RAW #2: …But You Don’t Know Me

Finally, after nearly three years… I’ve revived this little project of mine, and I’ve written a short story. This is now officially the second in a series I like to call RAW: Random Acts of Writing. It’s an attempt to remain creative, an opportunity to keep writing. After all, and I quote a good friend of mine here, “A writer not writing will have words surge through his head and heart and not allow them to be written. It’s akin to abortion, a self-indulged miscarriage. And it’s depressing.”

So here it is. It may not be the most polished thing I’ve ever written (for some reason, I don’t edit my short stories as much as I edit my plays), but it has been written, and I’m proud of it. Enjoy.



He’s known her all his life.

They were neighbors since they were children. Playmates, even throughout the whole cooties stage. They played house together, went to the same parties, and played in the same sandboxes and playgrounds. They grew up together, and they got to know each other in a way no other person ever could.

He has also loved her all his life.

Or at least since he became aware that he was a he, she was a she, and all the bells and whistles that came with it. She was the first – and only – person he has ever loved. His devotion was so strong that he made sure he was there for her through thick and thin, come hell or high water. Even as they discovered their own interests and began to hang out with different cliques, he still found opportunities to spend time with her. The flame burned bright even as they went to different colleges. Their correspondence never faltered; he kept up with the latest technologies just to keep their connection. He swore to himself that one day, he would finally declare his love for her and win her affections.

He hoped that this would be that day.

The invitation to coffee came from out of the blue. He didn’t even know she was back in town. It was definitely a welcome surprise, though. He strengthened his resolve to finally tell her he loves her, that he has loved only her.

Butterflies began swirling in his stomach. His appetite left him. His heart was beating faster than ever. Sweat trickled down his forehead. His balance was unsteady; his hands were shaky. This was the moment he’d been waiting for.

All the scenarios ran through his head. What if this was a trick? No, she wasn’t the type who would trick him into something like this. What if she was here to share some bad news? No, she definitely sounded cheerful over the phone. What if SHE was going to declare her love for HIM? His heart skipped a beat; a silly smile crept on his face.

Then he remembered: It’s just coffee. She wouldn’t tell him she loved him over coffee, would she? Of course, that was exactly what he was going to do, but he would’ve felt better if they were sharing a meal, and not just coffee.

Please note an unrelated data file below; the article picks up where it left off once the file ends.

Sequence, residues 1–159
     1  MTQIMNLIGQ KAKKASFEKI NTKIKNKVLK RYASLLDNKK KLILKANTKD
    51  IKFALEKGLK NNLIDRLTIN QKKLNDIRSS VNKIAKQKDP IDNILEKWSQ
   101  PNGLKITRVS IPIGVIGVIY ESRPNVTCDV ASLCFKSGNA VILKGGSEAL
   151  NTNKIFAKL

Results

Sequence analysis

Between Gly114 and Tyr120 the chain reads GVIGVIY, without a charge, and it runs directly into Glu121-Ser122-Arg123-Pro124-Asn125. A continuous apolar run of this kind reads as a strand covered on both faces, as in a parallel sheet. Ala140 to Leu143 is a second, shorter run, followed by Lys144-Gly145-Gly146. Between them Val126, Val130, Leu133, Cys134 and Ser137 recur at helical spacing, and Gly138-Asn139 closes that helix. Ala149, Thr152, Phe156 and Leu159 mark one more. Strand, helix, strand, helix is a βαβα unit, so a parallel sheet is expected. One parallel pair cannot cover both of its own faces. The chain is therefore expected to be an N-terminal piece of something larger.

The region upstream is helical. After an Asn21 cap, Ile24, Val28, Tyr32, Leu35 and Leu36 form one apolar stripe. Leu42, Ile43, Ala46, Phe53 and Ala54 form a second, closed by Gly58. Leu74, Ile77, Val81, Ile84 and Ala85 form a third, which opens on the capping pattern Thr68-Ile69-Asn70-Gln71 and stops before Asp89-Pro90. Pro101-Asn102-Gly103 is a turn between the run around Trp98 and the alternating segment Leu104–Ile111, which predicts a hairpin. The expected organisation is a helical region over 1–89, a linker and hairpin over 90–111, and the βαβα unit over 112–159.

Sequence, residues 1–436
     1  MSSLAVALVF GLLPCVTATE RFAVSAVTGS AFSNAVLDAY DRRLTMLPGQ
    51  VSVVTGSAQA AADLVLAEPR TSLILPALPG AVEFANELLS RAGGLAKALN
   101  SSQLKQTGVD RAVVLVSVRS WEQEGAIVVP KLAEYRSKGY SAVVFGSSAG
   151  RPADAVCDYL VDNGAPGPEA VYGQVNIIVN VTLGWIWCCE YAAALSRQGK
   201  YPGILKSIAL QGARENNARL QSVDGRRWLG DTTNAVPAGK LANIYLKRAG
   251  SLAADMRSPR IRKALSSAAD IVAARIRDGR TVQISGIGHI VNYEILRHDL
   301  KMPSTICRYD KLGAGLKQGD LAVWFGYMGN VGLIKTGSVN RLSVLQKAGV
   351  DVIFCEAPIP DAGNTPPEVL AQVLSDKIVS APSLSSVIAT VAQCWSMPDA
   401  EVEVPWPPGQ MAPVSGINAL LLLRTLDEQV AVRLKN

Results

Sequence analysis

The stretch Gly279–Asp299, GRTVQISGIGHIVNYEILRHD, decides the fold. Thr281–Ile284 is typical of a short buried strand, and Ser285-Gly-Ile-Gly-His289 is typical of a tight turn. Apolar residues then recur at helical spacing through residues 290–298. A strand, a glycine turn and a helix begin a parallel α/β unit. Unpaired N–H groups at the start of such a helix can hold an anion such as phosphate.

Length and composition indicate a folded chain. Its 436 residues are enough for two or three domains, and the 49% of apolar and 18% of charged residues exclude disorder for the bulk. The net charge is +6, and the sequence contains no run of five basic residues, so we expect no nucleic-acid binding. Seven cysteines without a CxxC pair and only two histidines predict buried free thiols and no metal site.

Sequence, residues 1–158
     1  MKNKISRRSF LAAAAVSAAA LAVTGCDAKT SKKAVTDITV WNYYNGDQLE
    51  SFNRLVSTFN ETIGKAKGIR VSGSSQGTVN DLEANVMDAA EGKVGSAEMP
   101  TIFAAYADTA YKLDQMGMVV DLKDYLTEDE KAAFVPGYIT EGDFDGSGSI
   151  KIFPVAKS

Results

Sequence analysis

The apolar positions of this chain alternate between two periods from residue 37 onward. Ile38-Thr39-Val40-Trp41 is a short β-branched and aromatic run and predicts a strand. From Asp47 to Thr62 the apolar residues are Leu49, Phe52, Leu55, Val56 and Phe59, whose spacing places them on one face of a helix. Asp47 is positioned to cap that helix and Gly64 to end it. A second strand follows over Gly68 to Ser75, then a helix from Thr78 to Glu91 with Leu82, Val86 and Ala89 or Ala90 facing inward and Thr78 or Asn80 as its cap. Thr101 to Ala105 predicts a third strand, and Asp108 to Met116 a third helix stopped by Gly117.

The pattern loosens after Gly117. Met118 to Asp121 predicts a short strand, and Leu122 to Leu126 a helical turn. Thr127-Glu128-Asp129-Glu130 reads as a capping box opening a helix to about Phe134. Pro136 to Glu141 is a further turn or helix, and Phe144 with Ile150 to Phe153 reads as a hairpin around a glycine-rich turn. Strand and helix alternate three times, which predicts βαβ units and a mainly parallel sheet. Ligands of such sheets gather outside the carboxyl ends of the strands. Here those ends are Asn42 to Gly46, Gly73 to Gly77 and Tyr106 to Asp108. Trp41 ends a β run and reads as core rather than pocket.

Finally, the moment he’s been waiting for. He’s been sitting at the coffee shop for over an hour. She’s not late; he’s merely eager and over-excited. His heart starts beating faster as he sips his café latte.

She arrives. She’s never looked better, and there’s a glow about her that even he can’t explain. They hug each other tight; it’s been more than five years since they last met. After exchanging a couple of pleasantries, they slip into more familiar territory. It’s as if they never separated at all. The conversation, the laughs, the teasing… everything is comfortable, smooth, easy.

The butterflies seem to multiply in his stomach. His heart is working overtime. His mind starts racing, trying to recall the speech he’s prepared since they graduated from high school. The stakes have definitely been raised.

“I’m glad we finally got to see each other again,” she says. “I’ve missed you so much! It feels like old times. Everytime I’m with you, I feel… safe. Like I’m home again.”

“You are home again,” he says; the big dumb grin on his face has grown bigger. This is it. He prepares the speech in his head one last time…

“You’ve always been such a good friend,” she says. The F-word pierces his heart like a dagger. “You’re like a brother to me. I know my fiancée will absolutely love you.”

He feels his heart stop beating. Everything around him seems to have stopped. He’s barely breathing now. He just stares at her; the speech is quickly forgotten, sent to the shredders in his mind. His stomach is churning now, possibly trying to vomit out the now-dead butterflies in his belly. He feels tears starting to well up in his eyes. “Fiancée?” he manages to squeak out.

She then starts talking about… him. The man of her dreams. An absolutely wonderful guy. Handsome, athletic, successful, and above all nice. And all that’s going through his head as she describes him is, But he’s not me.

He musters a brave smile and a congratulatory handshake. She asks him to be the best man; the request adds more weight to his already heavy heart. “Of course,” he says, with a wide grin, desperately trying to stop from communicating to her his disappointment, his broken heart, his melancholy.

But of course she notices that something’s not quite right. “What’s wrong?” she asks, in that tone that he knows all too well.

“It’s nothing.” It’s clearly a lie.

“No, there’s definitely something wrong. I’ve known you all my life. I know you that well.”

But you DON’T know me.

He pulls out the oldest excuse in his book. “I’m just… tired,” he says, with a weak smile.

She knows him well enough to realize he wants her to drop the issue. “I’m so glad we had coffee,” she says, standing up. “I have to go. My fiancée arrives in an hour or so. Would you like to join me, meeting him at the airport?”

He politely declines the offer. They hug, then she waves goodbye. He watches her leave, and as she walks away, he feels his heart, his spirit, his life following her, leaving him behind as well.